Well, it all finally came crashing down for Cabrera this year, as the former MVP is on pace to finish the season with career-lows across the board, and he has now become a health risk. Don't get caught up in name value. He's someone to avoid in drafts next spring. Zimmerman could be on the verge of setting new single-season highs in home runs and RBI, which means that fantasy owners will probably need to spend a top-60 pick to secure his services for 2018. No thanks. 

Jonathan Villar 2B Ranking: 4

Jonathan Schoop 2B Ranking: 20

I never quite understood why Villar was being valued so highly based on one great season. I get that steals are scarce these days, but even top-40 seemed like a stretch. The funny thing is that I actually own Villar in two leagues. One of those leagues is a keeper league where I was able to keep him for a 15th round pick while the other is Mixed Auction Tout Wars, where I traded for him at a steep discount. Let's just say that he won't be residing on any of my rosters next season. As for Schoop, the Orioles second sacker entered this season with plenty of critics who questioned whether he could ever improve his plate discipline. How does a .350 OBP sound? And then there's the 31 homers and 102 RBI through 139 games. Still just 25 years of age, Schoop has officially arrived as a fantasy force.

Tim Anderson SS Ranking: 16

Elvis Andrus SS Ranking: 17

This comparison carries special meaning for me, as I began my Tout Wars season with Anderson as my starting shortstop only to lose patience with him by early-June and trade for Andrus to serve as his replacement. The swap did come at the expense of Nomar Mazara, but good thing I made that move, as Anderson never quite got his act together while Andrus has already clinched his first 20/20 season.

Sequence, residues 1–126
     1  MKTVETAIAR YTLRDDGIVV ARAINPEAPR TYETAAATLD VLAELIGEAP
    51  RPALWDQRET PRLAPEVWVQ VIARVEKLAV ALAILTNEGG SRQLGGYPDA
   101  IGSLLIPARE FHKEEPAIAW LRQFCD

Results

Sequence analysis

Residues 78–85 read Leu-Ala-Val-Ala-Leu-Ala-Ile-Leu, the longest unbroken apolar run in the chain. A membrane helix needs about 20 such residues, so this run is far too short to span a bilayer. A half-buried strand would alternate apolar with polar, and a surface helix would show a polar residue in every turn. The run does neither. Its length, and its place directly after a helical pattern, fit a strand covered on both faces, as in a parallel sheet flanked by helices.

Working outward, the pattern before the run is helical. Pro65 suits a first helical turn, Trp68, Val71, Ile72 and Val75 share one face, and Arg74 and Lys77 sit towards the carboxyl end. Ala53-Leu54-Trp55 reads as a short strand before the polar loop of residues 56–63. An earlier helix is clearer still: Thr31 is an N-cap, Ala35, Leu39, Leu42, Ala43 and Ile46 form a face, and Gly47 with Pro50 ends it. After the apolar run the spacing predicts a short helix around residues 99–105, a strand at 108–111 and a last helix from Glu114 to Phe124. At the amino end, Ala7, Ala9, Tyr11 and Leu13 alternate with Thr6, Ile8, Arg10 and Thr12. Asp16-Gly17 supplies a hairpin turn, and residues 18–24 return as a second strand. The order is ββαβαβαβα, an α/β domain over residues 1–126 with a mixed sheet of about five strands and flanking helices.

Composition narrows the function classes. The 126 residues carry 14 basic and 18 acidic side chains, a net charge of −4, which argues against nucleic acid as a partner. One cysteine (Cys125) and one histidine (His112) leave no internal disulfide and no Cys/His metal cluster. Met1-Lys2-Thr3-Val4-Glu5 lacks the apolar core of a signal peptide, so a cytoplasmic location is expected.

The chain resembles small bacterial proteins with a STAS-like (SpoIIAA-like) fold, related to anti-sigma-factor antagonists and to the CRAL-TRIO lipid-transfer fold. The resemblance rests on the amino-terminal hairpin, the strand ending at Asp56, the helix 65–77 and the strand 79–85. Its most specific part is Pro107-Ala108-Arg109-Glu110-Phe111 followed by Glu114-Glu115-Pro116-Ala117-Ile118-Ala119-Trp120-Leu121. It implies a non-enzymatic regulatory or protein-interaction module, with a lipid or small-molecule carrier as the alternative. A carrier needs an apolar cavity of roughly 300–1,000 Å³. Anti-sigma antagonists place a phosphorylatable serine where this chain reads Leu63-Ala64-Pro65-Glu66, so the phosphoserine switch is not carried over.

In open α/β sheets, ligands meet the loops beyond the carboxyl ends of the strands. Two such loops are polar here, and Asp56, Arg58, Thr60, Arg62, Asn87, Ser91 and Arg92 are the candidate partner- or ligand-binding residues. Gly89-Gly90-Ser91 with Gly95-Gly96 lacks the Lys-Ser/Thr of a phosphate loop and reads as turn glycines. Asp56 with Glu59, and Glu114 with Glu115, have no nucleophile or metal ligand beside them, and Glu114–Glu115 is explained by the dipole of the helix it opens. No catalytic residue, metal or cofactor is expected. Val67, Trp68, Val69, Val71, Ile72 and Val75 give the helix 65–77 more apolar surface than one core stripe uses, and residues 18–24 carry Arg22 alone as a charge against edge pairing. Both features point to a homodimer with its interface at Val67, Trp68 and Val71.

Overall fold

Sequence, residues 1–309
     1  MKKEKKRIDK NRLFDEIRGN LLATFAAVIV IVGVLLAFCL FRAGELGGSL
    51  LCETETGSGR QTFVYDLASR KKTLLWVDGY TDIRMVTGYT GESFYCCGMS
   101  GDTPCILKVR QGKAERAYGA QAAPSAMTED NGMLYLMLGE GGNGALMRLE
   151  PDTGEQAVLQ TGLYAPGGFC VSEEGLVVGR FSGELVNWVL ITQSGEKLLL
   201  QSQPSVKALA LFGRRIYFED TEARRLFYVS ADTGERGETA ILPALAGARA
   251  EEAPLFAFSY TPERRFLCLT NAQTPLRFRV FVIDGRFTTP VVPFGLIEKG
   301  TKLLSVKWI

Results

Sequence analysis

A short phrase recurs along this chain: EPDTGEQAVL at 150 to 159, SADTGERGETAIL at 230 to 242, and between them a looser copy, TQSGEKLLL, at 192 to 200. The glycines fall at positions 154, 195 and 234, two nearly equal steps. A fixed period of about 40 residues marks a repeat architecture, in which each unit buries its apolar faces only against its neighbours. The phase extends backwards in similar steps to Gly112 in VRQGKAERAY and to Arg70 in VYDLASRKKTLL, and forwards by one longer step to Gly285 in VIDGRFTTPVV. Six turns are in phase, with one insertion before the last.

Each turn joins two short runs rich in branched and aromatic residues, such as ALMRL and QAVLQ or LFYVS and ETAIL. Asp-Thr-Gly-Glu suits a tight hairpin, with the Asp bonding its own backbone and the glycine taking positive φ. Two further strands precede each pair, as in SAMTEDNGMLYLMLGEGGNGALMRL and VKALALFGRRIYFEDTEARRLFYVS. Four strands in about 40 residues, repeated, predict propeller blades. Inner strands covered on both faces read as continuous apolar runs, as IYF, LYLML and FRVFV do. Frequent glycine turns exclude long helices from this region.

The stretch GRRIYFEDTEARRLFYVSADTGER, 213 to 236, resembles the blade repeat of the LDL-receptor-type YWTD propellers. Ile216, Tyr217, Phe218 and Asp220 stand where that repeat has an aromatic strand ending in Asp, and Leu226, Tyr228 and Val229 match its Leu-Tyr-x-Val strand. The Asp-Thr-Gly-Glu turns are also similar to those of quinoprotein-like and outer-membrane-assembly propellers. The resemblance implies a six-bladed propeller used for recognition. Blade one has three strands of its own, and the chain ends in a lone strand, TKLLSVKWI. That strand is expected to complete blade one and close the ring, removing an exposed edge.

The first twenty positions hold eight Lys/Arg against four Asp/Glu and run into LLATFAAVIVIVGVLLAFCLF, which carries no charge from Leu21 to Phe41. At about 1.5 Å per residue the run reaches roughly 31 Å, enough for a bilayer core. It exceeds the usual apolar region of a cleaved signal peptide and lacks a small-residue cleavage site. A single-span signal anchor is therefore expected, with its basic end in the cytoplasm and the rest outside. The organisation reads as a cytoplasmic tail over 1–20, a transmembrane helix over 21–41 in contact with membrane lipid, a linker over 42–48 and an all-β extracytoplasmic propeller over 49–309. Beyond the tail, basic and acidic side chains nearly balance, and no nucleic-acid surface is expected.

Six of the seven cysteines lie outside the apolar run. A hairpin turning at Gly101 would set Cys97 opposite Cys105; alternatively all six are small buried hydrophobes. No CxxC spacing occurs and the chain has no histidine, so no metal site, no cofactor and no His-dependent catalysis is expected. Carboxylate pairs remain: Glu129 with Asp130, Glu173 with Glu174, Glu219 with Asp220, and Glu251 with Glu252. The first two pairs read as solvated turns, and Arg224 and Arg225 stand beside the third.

Todd Frazier 3B Ranking: 9

Jake Lamb 3B Ranking: 20

Frazier, who is coming off a 40-HR campaign, will need to go on a monumental power tear (seven homers in a little over three weeks) to reach the 30-HR plateau this season, and his batting average has declined steadily over the past few years. Maybe he can rebound in 2018, but I'll be looking elsewhere to address power. Lamb has followed up an impressive breakout season in 2016 with an even more impressive 2017 campaign, though his .215 average since the All-Star break is somewhat troubling. Consider him a quality mid-round selection next year, but I'd be hesitant to pay list price for him, which means that I probably won't be a Lamb owner in 2018.

Gregory Polanco OF Ranking: 16

Brett Gardner OF Ranking: 78

So many outfielders to choose from but this seemed like a good comp, as Polanco and Gardner possess similar skill sets. I was very high on Polanco this year, so his 2017 struggles are truly baffling. I'd give him another chance as next year will only be his age-26 season. Over in the Bronx, Gardner has reemerged as a legitimate power/speed threat, and he's always been a reliable source of runs, thanks in large part to his ability to get on base at a high rate. He was largely overlooked in drafts this year, which probably won't be the case next year. Gardner is already 34, so I'm not sure how many more stellar seasons he has left in the tank, but it will be interesting to see how the fantasy market values him compared to Polanco entering 2018. I might go the Polanco route, especially if the Polanco route turns out to be the cheaper route.

Polanco cheaper than Gardner? Yup, a lot can change in one season.

Zach Steinhorn is the 2016 Mixed Auction Tout Wars champion. Follow him on Twitter @ZachMLB